Belmont hopes to carry on Chicago pop-punk tradition with new EP


Courtesy of Laura Rohland

Belmont (from left to right): Joey Legittino (bass/vocals), Brian Lada (drums), Matt Fusi (lead guitar), Sam Patt (rhythm guitar) and Taz Johnson (vocals)

By Arts & Culture Reporter

Belmont is a pop-punk quintet  from Chicago’s North Side. Formed in 2014, the band has garnered a sizable following in the Chicago area. Its latest EP, Vicissitude, was recorded over a three-day period after Citizen vocalist Mat Kerekes invited them to join him and his brother at a studio in  Toledo, Ohio.

The result is a high-energy album that blends pop-punk and hardcore elements, reminiscent of bands like The Wonder Years and Knuckle Puck. The Chronicle spoke with bassist and background vocalist Joey Legittino about the band’s formation in Chicago, its latest EP, and what it was like working with some of the bands influences.

THE CHRONICLE: Who are a few groups that influenced you?

JOEY LEGITTINO: For me personally, influences come from an old-school punk background like the Dead Kennedys and Sex Pistols. As a band, it stems from Citizen, The Story So Far, Counterparts, Such Gold and those type of bands that really brought our sound to what it is.


How did the band form?

I’ve known our drummer, Brian Lada, for years because we go to the Glenbrook South High School [in Glenview], and I knew he was a drummer. I asked him numerous times to be in a band with me, and he finally agreed. Amal Sheth , who used to be in the band, reached out to me because he was starting something with Taz Johnson, our singer, and another guitarist. We practiced with another drummer, and it didn’t work out, so we just kind of picked up Brian. He practiced once with us because he was just going to fill in for one show, and eventually he said, “Whatever, I’ll be your drummer.” That’s sort of how Taz, Brian and I came together, and then we switched between three different guitarists before we landed Sam Patt, our rhythm guitarist.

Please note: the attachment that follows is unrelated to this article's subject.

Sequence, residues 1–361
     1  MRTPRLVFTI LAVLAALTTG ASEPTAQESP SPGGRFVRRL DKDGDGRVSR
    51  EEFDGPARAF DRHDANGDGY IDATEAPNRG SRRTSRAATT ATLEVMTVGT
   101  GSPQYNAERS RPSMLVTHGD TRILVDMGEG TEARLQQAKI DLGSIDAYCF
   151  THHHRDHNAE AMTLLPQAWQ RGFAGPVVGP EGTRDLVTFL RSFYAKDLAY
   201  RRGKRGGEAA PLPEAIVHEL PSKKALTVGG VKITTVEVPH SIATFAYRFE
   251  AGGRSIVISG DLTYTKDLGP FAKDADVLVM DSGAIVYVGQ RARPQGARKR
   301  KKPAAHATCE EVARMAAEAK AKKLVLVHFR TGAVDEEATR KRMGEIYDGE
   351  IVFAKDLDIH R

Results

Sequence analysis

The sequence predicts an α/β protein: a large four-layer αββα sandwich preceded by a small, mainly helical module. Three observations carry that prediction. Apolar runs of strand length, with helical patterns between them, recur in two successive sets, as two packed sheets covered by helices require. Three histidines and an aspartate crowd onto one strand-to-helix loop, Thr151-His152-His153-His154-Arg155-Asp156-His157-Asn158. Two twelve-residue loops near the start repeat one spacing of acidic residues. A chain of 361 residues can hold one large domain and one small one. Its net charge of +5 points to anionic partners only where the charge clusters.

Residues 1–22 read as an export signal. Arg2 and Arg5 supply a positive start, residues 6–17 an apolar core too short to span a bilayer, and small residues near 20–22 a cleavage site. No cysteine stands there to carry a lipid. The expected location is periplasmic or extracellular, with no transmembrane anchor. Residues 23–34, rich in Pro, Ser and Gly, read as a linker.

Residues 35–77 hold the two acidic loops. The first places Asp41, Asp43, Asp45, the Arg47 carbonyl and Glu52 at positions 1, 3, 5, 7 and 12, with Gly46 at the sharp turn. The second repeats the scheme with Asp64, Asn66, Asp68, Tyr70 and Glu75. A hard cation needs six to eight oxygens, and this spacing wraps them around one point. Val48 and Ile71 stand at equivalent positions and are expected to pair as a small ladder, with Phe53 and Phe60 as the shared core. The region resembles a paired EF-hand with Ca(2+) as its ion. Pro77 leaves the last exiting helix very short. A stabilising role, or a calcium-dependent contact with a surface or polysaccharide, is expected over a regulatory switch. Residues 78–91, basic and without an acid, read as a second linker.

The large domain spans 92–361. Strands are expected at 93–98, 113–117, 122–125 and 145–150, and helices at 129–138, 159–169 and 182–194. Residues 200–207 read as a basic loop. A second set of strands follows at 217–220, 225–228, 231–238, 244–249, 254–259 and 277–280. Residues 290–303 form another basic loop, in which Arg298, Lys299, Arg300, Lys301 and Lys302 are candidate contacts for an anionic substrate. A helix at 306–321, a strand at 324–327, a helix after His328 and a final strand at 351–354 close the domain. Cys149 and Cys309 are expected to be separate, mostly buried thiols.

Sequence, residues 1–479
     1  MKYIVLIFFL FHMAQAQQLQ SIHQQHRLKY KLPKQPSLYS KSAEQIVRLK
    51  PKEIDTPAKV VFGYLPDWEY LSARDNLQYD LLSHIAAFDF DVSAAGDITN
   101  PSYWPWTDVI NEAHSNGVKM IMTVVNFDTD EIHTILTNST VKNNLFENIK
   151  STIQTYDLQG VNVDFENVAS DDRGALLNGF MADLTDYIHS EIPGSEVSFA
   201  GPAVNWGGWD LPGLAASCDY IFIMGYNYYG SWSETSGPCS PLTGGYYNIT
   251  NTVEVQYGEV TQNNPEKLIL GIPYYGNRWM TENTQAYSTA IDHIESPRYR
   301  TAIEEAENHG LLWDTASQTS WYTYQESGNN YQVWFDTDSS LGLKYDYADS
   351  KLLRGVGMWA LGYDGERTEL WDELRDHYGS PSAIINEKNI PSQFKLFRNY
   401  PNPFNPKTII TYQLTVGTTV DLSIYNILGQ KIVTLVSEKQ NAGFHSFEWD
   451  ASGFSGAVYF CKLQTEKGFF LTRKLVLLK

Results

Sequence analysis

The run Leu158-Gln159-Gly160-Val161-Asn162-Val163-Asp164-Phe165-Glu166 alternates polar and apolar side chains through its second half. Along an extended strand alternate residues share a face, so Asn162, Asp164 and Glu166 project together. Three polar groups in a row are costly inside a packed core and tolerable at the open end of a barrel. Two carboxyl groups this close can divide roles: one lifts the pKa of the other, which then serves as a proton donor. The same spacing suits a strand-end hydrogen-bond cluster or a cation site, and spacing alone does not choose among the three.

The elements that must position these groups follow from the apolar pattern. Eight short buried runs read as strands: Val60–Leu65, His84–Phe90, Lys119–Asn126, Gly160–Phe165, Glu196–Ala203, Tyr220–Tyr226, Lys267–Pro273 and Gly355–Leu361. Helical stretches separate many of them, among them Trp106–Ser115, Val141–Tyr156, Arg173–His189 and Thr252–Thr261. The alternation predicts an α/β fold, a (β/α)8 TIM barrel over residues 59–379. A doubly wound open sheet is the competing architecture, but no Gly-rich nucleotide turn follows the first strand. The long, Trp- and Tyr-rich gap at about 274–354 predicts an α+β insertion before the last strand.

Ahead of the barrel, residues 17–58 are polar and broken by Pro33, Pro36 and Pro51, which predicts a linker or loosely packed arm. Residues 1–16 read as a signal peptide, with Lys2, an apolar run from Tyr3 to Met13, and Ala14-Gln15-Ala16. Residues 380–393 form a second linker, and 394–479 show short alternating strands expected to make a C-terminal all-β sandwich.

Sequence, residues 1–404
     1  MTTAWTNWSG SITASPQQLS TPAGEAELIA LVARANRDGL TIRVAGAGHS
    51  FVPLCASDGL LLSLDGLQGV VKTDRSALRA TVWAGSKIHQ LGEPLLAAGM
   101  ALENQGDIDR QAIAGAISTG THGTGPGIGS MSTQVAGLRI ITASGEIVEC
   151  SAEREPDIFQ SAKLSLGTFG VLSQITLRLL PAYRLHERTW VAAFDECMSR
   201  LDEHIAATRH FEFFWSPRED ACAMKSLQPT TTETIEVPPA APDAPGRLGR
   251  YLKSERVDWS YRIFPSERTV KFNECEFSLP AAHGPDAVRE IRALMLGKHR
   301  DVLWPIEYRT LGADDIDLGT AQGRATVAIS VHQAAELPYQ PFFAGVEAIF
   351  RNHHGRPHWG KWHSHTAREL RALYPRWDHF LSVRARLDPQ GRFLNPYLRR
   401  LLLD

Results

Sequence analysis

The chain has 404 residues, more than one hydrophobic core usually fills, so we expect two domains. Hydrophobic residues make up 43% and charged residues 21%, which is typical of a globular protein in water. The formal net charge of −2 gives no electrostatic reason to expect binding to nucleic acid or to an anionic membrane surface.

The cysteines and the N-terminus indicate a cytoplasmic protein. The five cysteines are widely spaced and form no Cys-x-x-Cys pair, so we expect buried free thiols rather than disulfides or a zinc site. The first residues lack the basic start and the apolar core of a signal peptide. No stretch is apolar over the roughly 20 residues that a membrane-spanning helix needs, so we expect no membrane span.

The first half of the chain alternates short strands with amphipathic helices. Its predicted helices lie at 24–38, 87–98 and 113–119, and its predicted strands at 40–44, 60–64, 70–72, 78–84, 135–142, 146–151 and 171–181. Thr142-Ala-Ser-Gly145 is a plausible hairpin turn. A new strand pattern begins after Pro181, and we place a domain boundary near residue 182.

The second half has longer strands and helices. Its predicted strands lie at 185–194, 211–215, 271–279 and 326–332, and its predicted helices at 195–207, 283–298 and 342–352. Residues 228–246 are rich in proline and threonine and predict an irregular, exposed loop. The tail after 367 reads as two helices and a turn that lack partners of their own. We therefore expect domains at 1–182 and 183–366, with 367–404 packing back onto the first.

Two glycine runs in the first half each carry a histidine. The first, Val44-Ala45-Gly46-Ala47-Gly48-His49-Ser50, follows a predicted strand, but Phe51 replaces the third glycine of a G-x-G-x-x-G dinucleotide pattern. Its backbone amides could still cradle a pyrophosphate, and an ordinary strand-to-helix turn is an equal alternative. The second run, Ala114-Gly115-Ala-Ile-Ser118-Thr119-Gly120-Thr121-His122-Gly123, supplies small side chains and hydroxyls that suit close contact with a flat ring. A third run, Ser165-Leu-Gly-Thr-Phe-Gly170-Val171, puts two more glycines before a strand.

What inspired the band’s name?

Our first month of practices started in a loft on Belmont [Avenue]. We thought, “Hey, this is a catchy name.” It’s one word and it rolls off the tongue right, so we might as well name it after the street we practiced on. At the time we thought, “Whoa, this is pretty pop-punk of us.” 

What was it like working with a member of Citizen?

We went [to Ohio] for three days over a weekend. When we walked in, and he came up the stairs, we thought “Whoa, this is the real deal.” Mat and Chris were just two of the most genuine guys. We slept on Chris Kerekes’ floor and just [hung] out. We grew a friendship with them, which is astonishing, and it was one of the first times we ever felt like a band doing something useful.

How did you come up with your latest EP’s name, Vicissitude?

The whole EP is kind of about change. Taz writes most of the lyrics, and [they] really stem from the heart. He was saying the whole EP was about people in his life who have come and gone. He said some were sad and some were good, so we were just thinking of a cool way to include change. Brian had said, “What about Vissicitude?” 

How has growing up in Chicago affected the band?

Just seeing Fall Out Boy come out of Chicago, and bands like Real Friends and Knuckle Puck  come out of Tinley Park. Fall Out Boy is a huge influence on me now, considering Patrick Stump went to the school I currently go to. If I could say one thing, it’s that the Chicago local scene is the best scene out of any state we’ve ever played in or heard about. We couldn’t be anything without the community support.